Christmas Eve! A time when we can all see the proverbial “light at the end of the tunnel”! The Christmas madness will soon be over, and then we just have to accommodate the other event of the season …. New Year’s Eve. Here, we really only have to remember why we are celebrating Christmas!
Our only concerns in the pre-Christmas days were getting cards in the mail (some would be heading across the other side of the country, while others would have to cross the Atlantic Ocean). A small number of gifts had to be selected but they tended to be uncomplicated because they would be either based on either a known need, or want, suggested by the intended recipient.
For Ray (and for me by association), the period before Christmas is a time for questioning his mid-morning walk routes. Ray likes his “space” and is heavily habit driven, so to head off to Lululemon on a routine biscuit mission is no longer an exercise in simple navigation through downtown Oakville while most people are at work. The sidewalks are the same width however, there are far more people on them. The pedestrian crossing signals show the same cycle of displays, but the traffic is heavier and the incidents of distraction and impatience of drivers is noticeably higher.
Having arrived at the Lululemon store, typically we would open the door and turn right towards the biscuit bowl (used to be turn left – see “Rainy Days ‘n’ Sundays” – Dec 4), but now when the door is partially open, a shopper comes out without any thought that we might be trying to enter. When Ray turns towards the biscuit bowl, he now sees many people milling around excitedly chattering away as they look at the price tag; sigh; hold the item up against themselves, and generally try to convince themselves they also deserve a gift!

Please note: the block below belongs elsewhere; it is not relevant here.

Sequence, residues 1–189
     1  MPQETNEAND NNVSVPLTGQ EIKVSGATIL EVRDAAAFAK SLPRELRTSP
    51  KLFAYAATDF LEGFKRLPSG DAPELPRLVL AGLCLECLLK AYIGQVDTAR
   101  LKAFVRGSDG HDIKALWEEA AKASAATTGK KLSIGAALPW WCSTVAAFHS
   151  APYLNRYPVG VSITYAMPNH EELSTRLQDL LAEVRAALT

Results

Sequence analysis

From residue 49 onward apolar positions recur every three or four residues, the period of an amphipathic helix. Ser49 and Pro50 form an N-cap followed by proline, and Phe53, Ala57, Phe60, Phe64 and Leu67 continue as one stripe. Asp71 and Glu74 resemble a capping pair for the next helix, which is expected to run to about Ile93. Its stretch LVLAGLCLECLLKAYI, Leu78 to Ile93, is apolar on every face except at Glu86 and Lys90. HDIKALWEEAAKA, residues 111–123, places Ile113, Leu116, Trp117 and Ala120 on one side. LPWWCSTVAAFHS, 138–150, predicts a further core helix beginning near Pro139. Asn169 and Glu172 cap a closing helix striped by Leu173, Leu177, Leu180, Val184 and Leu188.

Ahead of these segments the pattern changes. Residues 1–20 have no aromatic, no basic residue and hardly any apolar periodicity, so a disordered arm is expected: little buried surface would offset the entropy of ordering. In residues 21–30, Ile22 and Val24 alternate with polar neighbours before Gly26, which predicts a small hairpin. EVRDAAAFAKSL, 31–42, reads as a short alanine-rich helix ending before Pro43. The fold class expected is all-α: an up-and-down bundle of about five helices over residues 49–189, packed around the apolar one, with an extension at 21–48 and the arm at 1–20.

Ray just wants his biscuit! I steer him to a relatively quiet spot to one side of the biscuit bowl and give him his biscuit after which he has no hesitation in leaving.
Back out into the streets full of Christmas shoppers and new hazards appear. Children who are normally under the control of an adult are now running in and out of stores and the “Look! Puppy!” alarm bells are ringing more often. Some people behave like out of control robots as they thoughtlessly careen through doorways, change direction, stop suddenly, and perform many other manoeuvres which are quite baffling, and must be of concern to Ray who likes his “space” and “predictability”.
Over the weekends, Santa is continually riding up and down the main street in a cart full of excited children who are intent on getting everything on their “Dear Santa list” and (Murphy’s Law to Ray!) it is pulled by two large horses.
Once we leave the shopping area and are heading back home, our world gradually settles down and becomes more familiar to us. Ray can stop and check out lamp posts without fear of being hit by a passing shopping bag. His walk becomes a little lighter; his tail held a little higher, and his mouth and lips are once again relaxed. It’ll soon be over buddy and then your life can return to normal. The courtesy and thoughtfulness that we often experienced before the Christmas frenzy started will return. Our world will, once again, become friendly!